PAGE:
Leaving is a process

Many victims are afraid to ask for help because they may not be ready to leave their abuser yet. But the advocates with Haven of Hope know this anxiety exists and that leaving may not be the best option. Haven of Hope advocates help victims prepare a safety plan. 

“We are successful in our office because we never advocate for victims to leave their situation immediately,” Singleton said. “We try to talk with them endlessly about safety because, statistically, we recognize they are going to leave [temporarily] six to nine times before they leave for good.”

In the situations victims go back to their relationships, advocates prepare them to have a plan.

“If they are not ready to leave and have things they need to work through, we are supportive of that,” Singleton said.

Once victims decide to leave, they need to learn to rely on themselves, and adopting and embracing that mindset often requires professional help.

“After they make that break, the key to their success is some counseling,” Singleton said. “Counseling helps them repair some mental and emotional damage and helps them become independent individuals.”

Achieving self-sufficiency is extremely important to prevent victims from finding themselves right back in a bad relationship, just because they are desperate to be co-dependent again, said Singleton.

In addition to counseling available at the Haven of Hope office, grants allow the organization to provide professional therapy sessions for the victims. 

It has been very rewarding to see some of the victims become independent, said Singleton.

“The rough part about our job is they don’t have to come and see us, so sometimes we just hope for the best,” she said. “But sometimes we see success stories.”

Some of the individuals served by Haven of Hope stop by the office to thank the advocates and tell them their support “has made all the difference in the world,” said Singleton.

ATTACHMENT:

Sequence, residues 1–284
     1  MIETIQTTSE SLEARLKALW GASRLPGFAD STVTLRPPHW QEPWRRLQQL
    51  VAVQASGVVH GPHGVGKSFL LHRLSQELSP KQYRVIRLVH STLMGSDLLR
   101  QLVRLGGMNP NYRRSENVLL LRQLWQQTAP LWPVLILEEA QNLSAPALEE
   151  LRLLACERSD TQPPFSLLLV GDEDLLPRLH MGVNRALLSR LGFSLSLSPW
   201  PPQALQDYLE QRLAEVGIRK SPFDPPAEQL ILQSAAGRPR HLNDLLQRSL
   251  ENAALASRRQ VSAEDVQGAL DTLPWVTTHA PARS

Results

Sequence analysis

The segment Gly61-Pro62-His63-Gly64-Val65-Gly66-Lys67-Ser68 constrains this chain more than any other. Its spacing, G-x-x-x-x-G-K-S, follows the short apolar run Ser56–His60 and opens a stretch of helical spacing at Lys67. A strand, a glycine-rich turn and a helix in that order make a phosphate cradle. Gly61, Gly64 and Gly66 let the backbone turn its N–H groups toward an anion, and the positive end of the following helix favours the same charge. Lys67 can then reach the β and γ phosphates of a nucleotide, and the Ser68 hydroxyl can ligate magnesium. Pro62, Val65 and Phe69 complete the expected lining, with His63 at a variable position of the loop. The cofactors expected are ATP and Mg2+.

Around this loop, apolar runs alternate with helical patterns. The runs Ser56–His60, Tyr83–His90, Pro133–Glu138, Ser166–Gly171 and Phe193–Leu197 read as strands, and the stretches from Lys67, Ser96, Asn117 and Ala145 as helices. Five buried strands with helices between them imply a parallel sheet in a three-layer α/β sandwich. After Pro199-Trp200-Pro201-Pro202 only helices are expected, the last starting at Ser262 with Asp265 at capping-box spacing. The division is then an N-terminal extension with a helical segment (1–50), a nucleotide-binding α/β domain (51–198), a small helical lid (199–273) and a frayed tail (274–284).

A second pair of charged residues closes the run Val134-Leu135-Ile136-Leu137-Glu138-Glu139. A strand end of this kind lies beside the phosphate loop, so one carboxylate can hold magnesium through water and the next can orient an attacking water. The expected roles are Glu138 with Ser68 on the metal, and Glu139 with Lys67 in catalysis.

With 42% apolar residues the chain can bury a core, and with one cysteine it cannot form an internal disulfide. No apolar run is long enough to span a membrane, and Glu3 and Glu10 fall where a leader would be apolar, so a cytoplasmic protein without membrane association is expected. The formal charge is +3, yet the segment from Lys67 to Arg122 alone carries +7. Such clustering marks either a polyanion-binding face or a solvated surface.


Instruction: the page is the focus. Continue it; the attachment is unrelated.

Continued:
In order for a success story to become a reality, the victim needs to decide it’s time for a positive change.

Resources are available, and Leaving is not an event, it is a process, said Singleton.

“There are agencies out there,” Singleton said. “You don’t have to have your abuser arrested to be eligible for our services. Our services are voluntary and you can take advantage of them anytime. Victims can call and they don’t have to give their name – they can just give some information so we can start helping them to be prepared to make that break.”

 

How to help?

Opportunities exist for community members to help.

“Some people can just go and read to kids at the shelter, some people may want to help with clerical things, and some people can help us with awareness events,” Singleton said.

Anyone interested in volunteering with the Haven for Hope is invited to complete an application at the organization’s office, located at the Coffee County Justice Center in Manchester.

For more information, call Haven of Hope at 931-723-3852 or visit www.domesticshelters.org.

Elena Cawley can be reached by email at ecawley@tullahomanews.com.